§ 35 and 37. Mr. R. McNEILL
asked the Secretary of State for the Home Department (1) if he will say by what method it is proposed to afford the oppor- 316 tunity, which he has stated will be given, to voters in constituencies which will lose their separate representation under the Instructions to the Boundary Commissioners to lay before the Commissioners their views as to the future boundaries of their constituencies; whether the same opportunity will be given to voters in constituencies which, without losing their separate representation, may have alterations made in their boundaries; whether he will give an assurance that no constituency shall have its boundaries altered without an opportunity being first given to the voters therein to lay their views on the proposed alteration before the Commissioners; (2) whether it has yet been decided by the Boundary Commissioners to hold public inquiries at which representative bodies may state their views regarding the proposed alterations in the constituencies; whether any such inquiries have yet been held; if he will say what representative bodies are to have a locus standito appear at such inquiries; and in what manner is notice to be given that an inquiry will be held in any particular locality?
§ Sir G. CAVE
I understand that in every case the boundaries of the proposed Parliamentary constituencies will be advertised locally, so as to enable persons interested to make representations to the Boundary Commissioners, and that, speaking generally, wherever the boundaries of existing divisions are proposed to be altered, an Assistant Commissioner will hold a local inquiry. No such inquiries have yet been held.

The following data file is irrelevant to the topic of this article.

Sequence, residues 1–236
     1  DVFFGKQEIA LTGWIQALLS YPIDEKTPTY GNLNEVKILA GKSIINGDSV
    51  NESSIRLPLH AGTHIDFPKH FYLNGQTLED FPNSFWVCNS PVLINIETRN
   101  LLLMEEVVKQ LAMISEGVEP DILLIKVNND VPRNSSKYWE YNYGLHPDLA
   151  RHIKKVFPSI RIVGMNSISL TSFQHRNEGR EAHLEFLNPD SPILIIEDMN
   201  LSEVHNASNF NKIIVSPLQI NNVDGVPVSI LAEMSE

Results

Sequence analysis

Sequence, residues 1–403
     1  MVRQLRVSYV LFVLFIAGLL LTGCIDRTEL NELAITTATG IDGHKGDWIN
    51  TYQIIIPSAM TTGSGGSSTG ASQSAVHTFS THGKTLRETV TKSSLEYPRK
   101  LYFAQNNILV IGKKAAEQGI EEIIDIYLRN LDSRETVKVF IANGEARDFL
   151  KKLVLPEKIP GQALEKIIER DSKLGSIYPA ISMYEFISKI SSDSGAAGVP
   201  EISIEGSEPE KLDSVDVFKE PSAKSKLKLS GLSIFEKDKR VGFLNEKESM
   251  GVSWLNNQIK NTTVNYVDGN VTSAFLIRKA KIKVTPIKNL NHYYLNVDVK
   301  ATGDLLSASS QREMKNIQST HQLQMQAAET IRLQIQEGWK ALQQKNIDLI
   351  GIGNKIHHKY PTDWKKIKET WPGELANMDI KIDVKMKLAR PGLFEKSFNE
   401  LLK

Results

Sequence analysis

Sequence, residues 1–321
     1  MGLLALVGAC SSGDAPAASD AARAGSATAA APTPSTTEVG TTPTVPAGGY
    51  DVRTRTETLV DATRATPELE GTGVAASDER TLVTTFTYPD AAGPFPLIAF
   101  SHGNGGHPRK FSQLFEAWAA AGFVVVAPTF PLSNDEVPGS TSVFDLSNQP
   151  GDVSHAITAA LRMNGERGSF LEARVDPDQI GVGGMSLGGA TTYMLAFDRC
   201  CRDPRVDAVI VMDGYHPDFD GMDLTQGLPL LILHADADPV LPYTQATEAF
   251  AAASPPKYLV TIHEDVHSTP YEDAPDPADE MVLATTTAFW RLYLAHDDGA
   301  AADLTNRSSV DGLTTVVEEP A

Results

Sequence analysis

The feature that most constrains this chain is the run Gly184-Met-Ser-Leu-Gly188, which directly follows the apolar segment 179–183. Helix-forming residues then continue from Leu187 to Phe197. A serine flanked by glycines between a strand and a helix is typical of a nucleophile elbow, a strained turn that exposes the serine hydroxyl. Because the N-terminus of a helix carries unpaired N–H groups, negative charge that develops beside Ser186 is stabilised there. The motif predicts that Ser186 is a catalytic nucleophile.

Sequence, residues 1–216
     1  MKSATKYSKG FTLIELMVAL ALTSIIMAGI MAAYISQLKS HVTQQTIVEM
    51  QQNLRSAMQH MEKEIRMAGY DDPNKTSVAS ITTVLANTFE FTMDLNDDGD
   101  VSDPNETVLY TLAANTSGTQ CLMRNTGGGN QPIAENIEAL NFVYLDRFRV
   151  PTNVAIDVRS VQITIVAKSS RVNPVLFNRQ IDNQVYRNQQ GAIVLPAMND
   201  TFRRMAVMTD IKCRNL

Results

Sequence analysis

§ 36. Mr. McNEILL
asked the Secretary of State for the Home Department what is the estimated loss of representation of rural voters under the Instructions to the Boundary Commissioners; and whether, having regard to the increased importance of the agricultural industry in view of the lessons of the War, he will add an Instruction directing the Boundary Commissioners to redistribute the county and borough seats, respectively, in such a manner as not to diminish the existing representation of rural voters?
§ Sir G. CAVE
It would be extremely difficult to make a reliable estimate of the 317 loss of representation of rural voters under the scheme, and it must be remembered that voters in rural areas are not necessarily agricultural voters. Some of the areas classed for local government purposes as rural districts are, in fact, densely populated mining areas, and there are many rural districts which are partly agricultural and partly industrial or residential. The subject-matter of the latter part of the question will no doubt be discussed in the coming Debate on the Instructions.
§ 100. Mr. ROWLANDS
asked the hon. Member for Worcestershire (Bewdley Division) when the schedule of charges to be allowed to the returning officers, under the Representation of the People Bill, will be circulated to Members?
§ Sir G. CAVE
My hon. Friend has asked me to reply to this question. These charges will require careful consideration by the Treasury, and it is not proposed to circulate a schedule at present.
§ Mr. ROWLANDS
Is the House to have an opportunity of considering the scale of charges and comparing it with the Act of 1875?